FOM: Re: SOL confusion

Harvey Friedman friedman at
Thu Sep 7 22:05:12 EDT 2000

>The question is: what is a SENTENCE of SOL? And I take this to be one in
>which there are no free variables of either type. Is this not the standard

Yes. But constant symbols, relation symbols, and function symbols are not
free variables in FOL, and they are not free variables in SOL.

You can't even view them as free variables in SOL since if they were, then
such free variables would range over all unary predicates defined on the
entire universe whose extension is setlike. This is not in consonance with
the spirit of SOL. If you want instead such free variables to range over
all unary predicates defined on the entire universe, you have something
with paradoxical overtones that is again not in consonance with the spririt
of SOL.

>And such sentences can indeed express propositions.

No more and no less than sentences in FOL can express propositions. Of
course, any sentence in FOL has an associated proposition - that it is
valid. Similarly, any sentence in SOL has an associated proposition- that
it is valid.

>For example, for
>any theorem A of second order arithmetic the implication P => A, where P is
>the sentence expressing the second order Peano postulates, expresses a true
>proposition. (Technically: the closure of that sentence; there will be a
>free variable whose intended interpretation is the successor relation, and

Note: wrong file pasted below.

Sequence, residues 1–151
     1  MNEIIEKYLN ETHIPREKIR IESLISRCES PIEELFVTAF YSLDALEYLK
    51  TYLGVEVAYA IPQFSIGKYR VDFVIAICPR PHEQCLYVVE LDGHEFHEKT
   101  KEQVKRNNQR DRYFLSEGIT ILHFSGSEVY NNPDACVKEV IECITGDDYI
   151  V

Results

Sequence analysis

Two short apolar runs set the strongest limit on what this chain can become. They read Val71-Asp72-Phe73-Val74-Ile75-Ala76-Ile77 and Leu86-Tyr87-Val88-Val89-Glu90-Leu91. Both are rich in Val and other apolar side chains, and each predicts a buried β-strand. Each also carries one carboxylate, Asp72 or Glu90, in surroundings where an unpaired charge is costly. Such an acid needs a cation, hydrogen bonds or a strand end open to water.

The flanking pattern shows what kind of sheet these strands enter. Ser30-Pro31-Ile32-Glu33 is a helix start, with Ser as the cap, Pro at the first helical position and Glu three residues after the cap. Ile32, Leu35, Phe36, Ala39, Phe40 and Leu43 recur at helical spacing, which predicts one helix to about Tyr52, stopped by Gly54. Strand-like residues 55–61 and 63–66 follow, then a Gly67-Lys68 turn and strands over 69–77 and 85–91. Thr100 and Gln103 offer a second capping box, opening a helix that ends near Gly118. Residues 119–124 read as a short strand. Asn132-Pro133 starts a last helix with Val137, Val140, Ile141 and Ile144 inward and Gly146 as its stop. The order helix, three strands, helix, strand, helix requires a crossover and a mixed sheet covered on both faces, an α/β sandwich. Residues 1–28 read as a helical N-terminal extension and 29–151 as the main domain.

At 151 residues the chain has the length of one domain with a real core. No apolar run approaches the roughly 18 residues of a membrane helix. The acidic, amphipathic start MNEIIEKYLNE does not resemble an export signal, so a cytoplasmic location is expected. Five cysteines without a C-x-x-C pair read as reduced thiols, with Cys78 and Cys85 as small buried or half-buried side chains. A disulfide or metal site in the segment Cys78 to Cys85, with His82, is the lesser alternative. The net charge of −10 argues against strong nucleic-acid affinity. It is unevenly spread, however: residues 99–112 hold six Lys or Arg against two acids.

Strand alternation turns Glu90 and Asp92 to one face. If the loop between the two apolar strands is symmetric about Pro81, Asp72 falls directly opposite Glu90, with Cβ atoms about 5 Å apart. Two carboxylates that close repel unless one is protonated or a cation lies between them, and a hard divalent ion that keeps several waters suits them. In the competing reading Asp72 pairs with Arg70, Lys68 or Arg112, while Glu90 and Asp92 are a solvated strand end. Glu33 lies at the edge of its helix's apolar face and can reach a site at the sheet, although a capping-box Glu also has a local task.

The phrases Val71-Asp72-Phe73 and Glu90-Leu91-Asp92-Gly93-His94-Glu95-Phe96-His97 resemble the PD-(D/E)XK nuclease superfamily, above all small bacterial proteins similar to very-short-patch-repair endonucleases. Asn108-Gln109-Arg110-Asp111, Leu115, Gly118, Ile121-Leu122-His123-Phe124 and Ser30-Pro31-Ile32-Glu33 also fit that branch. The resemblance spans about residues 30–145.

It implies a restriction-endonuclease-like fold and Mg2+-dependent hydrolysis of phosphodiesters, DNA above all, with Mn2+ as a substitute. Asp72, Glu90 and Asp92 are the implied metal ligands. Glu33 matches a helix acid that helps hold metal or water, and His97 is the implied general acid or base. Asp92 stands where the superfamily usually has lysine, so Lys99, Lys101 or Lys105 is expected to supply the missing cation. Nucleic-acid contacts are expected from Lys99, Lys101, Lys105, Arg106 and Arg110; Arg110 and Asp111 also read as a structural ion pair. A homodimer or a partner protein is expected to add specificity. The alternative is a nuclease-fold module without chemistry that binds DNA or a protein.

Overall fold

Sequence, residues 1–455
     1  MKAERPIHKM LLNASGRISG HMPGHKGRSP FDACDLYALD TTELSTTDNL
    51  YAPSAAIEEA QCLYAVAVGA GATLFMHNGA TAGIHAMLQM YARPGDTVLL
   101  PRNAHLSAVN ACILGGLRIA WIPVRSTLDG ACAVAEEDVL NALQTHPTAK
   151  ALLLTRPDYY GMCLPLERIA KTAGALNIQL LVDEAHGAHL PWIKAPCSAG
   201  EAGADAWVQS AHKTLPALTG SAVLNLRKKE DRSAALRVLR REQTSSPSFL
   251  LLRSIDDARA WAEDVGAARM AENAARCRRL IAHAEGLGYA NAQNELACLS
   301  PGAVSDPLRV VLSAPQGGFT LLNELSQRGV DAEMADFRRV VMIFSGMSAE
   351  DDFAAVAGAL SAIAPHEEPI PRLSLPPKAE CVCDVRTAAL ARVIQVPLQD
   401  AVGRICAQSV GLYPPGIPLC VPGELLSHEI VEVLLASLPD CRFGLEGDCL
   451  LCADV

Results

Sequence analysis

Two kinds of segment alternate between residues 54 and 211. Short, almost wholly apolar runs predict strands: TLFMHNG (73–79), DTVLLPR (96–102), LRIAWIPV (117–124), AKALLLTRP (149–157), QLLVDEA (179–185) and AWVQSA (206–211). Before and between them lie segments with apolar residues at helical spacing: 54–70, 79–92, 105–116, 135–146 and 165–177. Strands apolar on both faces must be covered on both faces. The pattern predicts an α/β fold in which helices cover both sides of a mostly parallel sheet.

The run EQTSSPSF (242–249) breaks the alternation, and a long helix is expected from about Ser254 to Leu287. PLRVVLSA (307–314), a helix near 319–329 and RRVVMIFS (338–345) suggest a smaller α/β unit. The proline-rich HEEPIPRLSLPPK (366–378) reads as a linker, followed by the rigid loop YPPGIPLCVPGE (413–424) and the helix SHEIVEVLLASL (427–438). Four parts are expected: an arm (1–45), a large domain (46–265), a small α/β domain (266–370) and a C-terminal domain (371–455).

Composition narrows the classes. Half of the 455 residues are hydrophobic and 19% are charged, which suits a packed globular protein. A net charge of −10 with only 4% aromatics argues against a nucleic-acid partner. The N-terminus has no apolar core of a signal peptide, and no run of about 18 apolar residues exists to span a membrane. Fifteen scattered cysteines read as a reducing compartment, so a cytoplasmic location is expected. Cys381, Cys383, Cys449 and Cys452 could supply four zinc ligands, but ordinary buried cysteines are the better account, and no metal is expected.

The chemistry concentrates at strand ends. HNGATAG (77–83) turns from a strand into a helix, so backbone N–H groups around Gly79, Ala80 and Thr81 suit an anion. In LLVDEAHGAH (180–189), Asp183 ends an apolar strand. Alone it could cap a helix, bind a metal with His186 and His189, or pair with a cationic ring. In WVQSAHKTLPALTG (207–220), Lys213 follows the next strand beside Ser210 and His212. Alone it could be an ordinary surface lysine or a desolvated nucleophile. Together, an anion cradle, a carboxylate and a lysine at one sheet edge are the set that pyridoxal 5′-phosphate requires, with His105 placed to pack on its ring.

>the implication would need to be universally quantified with respect to
>that variable.)

Not directly. There is only the associated sentence asserting that the
implication P arrows A is valid.

>>It is now obvious how to define, following Tarski (who did it for FOL), the
>>notion of a relational structure satisfying an FOL formula at an assignment
>>of domain elements to domain variables.

>This is often said, but I don't believe that it is true. The notion is at
>least implicit in earlier work of Skolem and in Hilbert-Bernays. The
>attribution to Tarski is, I believe, based on his famous paper on the
>concept of truth in formal languages. But you'll find nothing about FOL in
>that paper. What Tarski did do in that paper was to emphasize that one
>should take seriously and formally the semantics of formal languages.

The phrase "Tarski's truth definition" is so ingrained in the math logic
literature and the philosophy literature that I find it hard to believe
there isn't a good clean reference to the formal definition attributed to
Tarski in some of Tarski's papers. Are you trying to tell us that there

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